And yet, as someone who had a close eye on the legal and cultural ferment of the so-called “copyfight” some twenty years ago, I have my doubts about the ability of Intellectual Property (IP) as a tool to protect human creativity in the face of ever accelerating machine-aided reproduction (and now, perhaps, even a sort of machine-aided production) of culture.

First, lets just note that the threat to human creators from AI text/image/music generators isn’t really so different than the threat to human creators from the kind of image/music/speech recording that we now consider mundane. I don’t have to hire a band to play me music for my workout, I can just put in my earbuds and queue up what I want to listen to on the streaming music service of my choice.

Streaming music services are, in a sense, the final end state of the IP wars of the early twenty-first century. They represent a version of the “universal jukebox” that was the dream of the IP holders of the time. I pay a flat fee, and I get most of recorded music available to listen to at the time and place of my choosing. Rights holders still make money. Artists, in theory, still make money.

I say “in theory” because it’s been well-documented that it’s pretty damn hard for artists to make a living off of streaming services. Still, I would guess that’s something like the solution Getty would like to see for AI image generation. Fees paid to rights holders for AI image generation, just like Spotify pays rights holders for musical reproduction.

It’s not that simple, of course. The way Machine Learning models work makes any kind of payout to individual artists for the use of their images to generate AI images difficult to do. Machine Learning models are designed to “generalize” from their inputs, learning something about how people draw cats or take photographs of rainy streets from each piece of training data. Ideally, the model shouldn’t memorize a particular piece of training data and reproduce it verbatim. Thus, it becomes very tricky to trace which artist to pay for any particular image generated. A model like a streaming service, which pays out individual artists when their work gets streamed, doesn’t seem possible. About the best you could do is pay an institution like Getty to train the AI model, and then Getty could (in theory) make a flat pay out to everyone in the collection.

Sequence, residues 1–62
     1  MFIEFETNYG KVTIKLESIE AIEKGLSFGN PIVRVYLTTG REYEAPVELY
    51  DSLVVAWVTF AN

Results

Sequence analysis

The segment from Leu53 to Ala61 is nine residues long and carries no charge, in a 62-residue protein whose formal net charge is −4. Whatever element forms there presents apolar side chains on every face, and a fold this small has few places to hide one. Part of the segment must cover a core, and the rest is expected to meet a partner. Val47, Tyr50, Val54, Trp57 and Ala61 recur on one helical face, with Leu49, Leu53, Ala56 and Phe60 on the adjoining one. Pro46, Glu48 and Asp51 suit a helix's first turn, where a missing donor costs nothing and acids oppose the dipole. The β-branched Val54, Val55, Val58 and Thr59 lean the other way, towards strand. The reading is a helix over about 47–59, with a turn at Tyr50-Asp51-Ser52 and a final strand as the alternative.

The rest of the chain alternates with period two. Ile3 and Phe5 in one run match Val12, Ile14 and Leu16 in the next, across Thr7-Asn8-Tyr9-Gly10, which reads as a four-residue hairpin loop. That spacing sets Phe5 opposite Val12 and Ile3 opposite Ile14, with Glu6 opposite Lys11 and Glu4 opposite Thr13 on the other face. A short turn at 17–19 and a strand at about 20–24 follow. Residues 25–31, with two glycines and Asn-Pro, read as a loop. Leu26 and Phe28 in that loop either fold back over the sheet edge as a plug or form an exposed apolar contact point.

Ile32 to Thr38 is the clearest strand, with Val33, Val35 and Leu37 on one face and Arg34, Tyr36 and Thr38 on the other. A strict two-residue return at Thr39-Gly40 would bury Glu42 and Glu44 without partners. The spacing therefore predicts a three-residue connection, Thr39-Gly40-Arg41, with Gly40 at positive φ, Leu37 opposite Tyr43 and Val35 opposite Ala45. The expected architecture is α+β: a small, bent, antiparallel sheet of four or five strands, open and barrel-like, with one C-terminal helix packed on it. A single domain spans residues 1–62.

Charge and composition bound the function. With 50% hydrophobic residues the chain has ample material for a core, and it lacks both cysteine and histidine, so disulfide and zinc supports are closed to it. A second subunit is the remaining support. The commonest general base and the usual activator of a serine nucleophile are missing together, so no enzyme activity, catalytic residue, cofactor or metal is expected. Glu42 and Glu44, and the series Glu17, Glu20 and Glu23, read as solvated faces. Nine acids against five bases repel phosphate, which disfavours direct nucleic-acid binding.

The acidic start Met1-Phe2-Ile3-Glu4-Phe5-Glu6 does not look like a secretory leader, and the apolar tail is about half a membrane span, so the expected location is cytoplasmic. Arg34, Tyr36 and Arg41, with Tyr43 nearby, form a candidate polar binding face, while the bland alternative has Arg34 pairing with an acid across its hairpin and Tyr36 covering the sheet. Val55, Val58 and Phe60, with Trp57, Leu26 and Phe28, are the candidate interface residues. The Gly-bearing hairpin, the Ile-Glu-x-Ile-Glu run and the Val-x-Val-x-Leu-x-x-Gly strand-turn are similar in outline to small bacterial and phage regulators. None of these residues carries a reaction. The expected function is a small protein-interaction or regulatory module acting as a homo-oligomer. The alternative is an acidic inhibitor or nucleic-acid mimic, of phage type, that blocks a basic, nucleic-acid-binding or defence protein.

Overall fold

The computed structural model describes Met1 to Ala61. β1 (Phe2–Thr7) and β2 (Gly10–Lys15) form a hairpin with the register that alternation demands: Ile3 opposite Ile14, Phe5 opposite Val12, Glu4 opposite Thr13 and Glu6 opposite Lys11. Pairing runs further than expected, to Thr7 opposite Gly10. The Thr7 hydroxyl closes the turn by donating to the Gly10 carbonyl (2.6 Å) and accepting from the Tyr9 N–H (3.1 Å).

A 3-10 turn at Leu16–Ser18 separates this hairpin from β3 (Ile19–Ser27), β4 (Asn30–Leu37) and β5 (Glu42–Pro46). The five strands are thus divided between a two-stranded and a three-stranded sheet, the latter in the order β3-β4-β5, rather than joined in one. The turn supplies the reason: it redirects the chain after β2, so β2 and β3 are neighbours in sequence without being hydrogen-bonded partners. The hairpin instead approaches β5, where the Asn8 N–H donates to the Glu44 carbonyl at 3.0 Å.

The alternative model we proposed twenty years ago was to loosen copyright protection, allow for much more fluid sharing of creative content, and trust that artists would find some way to get their audiences to support them. Give the CD away and sell a t-shirt or whatever. This model never flourished, though some big names made it work. That’s part of how we got streaming services.

In the end, neither strict intellectual property (in which every piece of training data is accounted for and paid for) nor loose intellectual property (in which AI can train however it likes for free) solve the problem of supporting creativity. This is largely because human creativity is naturally overabundant. People will create given even the slightest opportunity to. Recording (and now generating) technology makes this worse, but the use value and market value of creativity have always aligned spectacularly poorly.

If we want want human creativity to flourish, we should work on broadening social support for health care, for housing, for education. Build that, and people will create with AI, without AI, alongside AI. Leave it aside, and no exactly right IP protections will nourish creativity.